The Silent Arrow glider, developed by California-based Yates Electrospace Corp., looks for a Phase II small business innovation research (SBIR) award by AFWERX and the Air Force Research Laboratory this spring for flight testing aboard the Bell [TXT]-Boeing [BA] CV-22 tiltrotor employed by Air Force Special Operations Command (AFSOC).

If proven, Silent Arrow would deliver 1,600 pounds of cargo to forward deployed forces from a CV-22 from a distance of up to 40 miles.

Such supplies could include 336 MREs or 125 gallons of JP-5/JP-8 jet fuel, landing within 100 meters of landing zones using Silent Arrow’s Light Detection and Ranging sensor (LiDAR).

Under a Feb. 5 SBIR Phase I contract announced by Yates Electrospace on Feb. 16, the company is to scale down its Glider Disposable-2000 (GD-2000) “for CV-22 cargo ramp and smaller fixed-wing side-door deployment activities for unspecified U.S. operations,” the company said. “In accordance with the tenets of the SBIR program, Silent Arrow® heavy payload cargo UAS will subsequently be procurable on a sole-source basis by the United States government for special operations and tactical resupply as well as humanitarian aid and disaster relief.”

The Phase I SBIR contract is entitled Feasibility of Downsizing and Adapting Commercial Silent Arrow® Cargo Delivery UAS to Meet Specific AFSOC Operational Requirements and is valid through May 9, according to Yates Electrospace.

Chip Yates, the company’s CEO and an electrical vehicle inventor and record holder for electric motorcyles and planes, wrote in an email that the company was encouraged to apply for the Phase I SBIR contract as a result of the company’s previous work with AFSOC, including deploying Silent Arrow from AFSOC MC-130s by Lockheed Martin [LMT].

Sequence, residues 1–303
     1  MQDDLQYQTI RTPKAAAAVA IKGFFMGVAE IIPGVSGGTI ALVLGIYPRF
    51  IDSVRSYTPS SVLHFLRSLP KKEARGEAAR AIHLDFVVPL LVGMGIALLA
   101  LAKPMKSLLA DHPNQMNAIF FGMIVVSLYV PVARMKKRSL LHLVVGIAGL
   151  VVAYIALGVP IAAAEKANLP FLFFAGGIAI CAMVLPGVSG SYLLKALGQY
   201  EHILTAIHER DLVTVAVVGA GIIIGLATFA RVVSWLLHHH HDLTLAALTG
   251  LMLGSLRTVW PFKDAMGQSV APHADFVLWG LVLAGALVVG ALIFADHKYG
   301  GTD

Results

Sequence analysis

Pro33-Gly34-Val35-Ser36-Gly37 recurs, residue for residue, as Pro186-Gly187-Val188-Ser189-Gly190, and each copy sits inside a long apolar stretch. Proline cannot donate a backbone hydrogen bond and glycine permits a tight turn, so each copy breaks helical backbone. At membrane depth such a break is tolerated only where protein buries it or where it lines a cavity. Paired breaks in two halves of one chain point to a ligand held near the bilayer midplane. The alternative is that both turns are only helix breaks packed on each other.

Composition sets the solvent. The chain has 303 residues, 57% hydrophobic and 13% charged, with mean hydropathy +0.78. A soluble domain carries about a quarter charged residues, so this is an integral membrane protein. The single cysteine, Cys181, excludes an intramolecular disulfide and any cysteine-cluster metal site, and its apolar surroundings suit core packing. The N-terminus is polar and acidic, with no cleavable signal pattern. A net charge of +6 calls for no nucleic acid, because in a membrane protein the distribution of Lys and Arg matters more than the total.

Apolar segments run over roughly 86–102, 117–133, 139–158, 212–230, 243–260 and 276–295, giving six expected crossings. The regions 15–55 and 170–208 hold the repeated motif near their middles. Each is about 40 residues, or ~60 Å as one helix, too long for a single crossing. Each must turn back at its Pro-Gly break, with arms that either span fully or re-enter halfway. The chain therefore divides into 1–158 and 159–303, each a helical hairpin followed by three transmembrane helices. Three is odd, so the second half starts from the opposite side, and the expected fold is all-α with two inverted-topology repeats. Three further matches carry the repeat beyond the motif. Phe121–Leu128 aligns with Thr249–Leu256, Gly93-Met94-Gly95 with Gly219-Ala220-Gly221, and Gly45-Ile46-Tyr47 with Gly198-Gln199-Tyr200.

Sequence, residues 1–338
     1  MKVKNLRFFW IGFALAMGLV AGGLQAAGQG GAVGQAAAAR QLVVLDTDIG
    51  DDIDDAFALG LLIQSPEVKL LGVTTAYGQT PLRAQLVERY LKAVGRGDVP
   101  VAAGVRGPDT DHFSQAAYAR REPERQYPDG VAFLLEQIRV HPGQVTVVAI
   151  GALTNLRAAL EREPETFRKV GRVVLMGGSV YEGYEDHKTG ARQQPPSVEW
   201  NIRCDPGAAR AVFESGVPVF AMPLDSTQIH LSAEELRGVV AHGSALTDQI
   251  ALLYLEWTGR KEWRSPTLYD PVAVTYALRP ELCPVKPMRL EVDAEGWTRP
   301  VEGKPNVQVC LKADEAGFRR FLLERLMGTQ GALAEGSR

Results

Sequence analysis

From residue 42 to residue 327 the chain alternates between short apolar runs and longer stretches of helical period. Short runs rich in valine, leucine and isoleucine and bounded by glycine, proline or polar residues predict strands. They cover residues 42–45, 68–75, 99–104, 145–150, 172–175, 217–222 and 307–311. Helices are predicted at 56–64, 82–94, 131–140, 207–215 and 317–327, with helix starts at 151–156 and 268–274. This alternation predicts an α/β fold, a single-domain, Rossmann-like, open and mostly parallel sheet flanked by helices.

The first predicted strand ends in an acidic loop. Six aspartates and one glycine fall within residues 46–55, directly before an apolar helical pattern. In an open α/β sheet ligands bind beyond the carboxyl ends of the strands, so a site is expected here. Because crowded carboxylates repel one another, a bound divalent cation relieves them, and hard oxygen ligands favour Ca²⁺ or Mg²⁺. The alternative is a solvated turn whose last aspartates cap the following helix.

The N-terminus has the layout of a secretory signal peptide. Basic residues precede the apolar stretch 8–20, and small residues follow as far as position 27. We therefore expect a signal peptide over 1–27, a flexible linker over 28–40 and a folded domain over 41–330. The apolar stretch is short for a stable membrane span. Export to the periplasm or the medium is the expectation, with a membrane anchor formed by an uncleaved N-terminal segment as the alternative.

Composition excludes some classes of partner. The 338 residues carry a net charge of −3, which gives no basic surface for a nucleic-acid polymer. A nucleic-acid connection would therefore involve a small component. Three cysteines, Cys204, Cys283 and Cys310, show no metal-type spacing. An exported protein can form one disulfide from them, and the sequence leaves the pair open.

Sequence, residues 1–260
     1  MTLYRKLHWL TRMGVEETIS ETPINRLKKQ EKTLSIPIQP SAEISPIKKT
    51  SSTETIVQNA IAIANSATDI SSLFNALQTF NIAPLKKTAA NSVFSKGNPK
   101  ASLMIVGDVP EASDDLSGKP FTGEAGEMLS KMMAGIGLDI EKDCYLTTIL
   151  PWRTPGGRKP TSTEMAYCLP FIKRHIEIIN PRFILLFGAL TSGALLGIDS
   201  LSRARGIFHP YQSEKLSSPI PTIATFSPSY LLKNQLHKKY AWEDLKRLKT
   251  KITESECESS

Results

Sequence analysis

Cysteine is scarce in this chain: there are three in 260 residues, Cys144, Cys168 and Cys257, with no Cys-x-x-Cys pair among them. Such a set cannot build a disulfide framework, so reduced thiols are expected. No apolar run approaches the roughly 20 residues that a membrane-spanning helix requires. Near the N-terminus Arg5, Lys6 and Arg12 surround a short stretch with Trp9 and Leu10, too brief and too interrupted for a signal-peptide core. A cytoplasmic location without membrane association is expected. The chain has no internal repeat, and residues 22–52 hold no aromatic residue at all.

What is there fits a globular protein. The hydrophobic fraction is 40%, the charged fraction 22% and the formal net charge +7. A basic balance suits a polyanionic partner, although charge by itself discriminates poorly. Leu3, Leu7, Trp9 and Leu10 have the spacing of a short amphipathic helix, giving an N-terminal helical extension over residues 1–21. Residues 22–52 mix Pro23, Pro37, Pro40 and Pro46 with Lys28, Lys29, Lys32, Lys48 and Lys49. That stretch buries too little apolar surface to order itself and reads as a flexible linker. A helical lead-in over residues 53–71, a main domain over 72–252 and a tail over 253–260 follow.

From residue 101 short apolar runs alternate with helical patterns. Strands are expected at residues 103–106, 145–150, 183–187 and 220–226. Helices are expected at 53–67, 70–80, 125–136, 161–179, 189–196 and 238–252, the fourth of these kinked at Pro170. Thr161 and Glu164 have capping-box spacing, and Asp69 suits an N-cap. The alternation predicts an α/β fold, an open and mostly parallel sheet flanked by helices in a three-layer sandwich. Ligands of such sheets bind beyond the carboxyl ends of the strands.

Yates Electrospace’s SBIR Phase I contract “ends May 9th then Phase II begins and contract values grow as flight testing begins,” Yates wrote in his email. “The next step is working with the CV-22 folks, reviewing their rigging manuals and procedures and collecting a set of operational requirements that will drive the scale down design.”

In his email, Yates wrote that his company, because of its work on Silent Arrow, is a finalist for the National Aeronautic Association’s (NAA) 2020 Collier Trophy to be announced on Feb. 24. NAA awards the Robert J. Collier Trophy annually “for the greatest achievement in aeronautics or astronautics in America, with respect to improving the performance, efficiency, and safety of air or space vehicles, the value of which has been thoroughly demonstrated by actual use during the preceding year.”

While the U.S. Army parachute-deployed Joint Precision Airdrop System (JPADS) by New Jersey-based Airborne Systems North America and Draper Laboratory, Inc. is to deliver supplies up to 15 miles away at a unit cost of $60,000, Silent Arrow has the  “same payload as JPADS at half the price and more than double the standoff range,” Yates Electrospace said.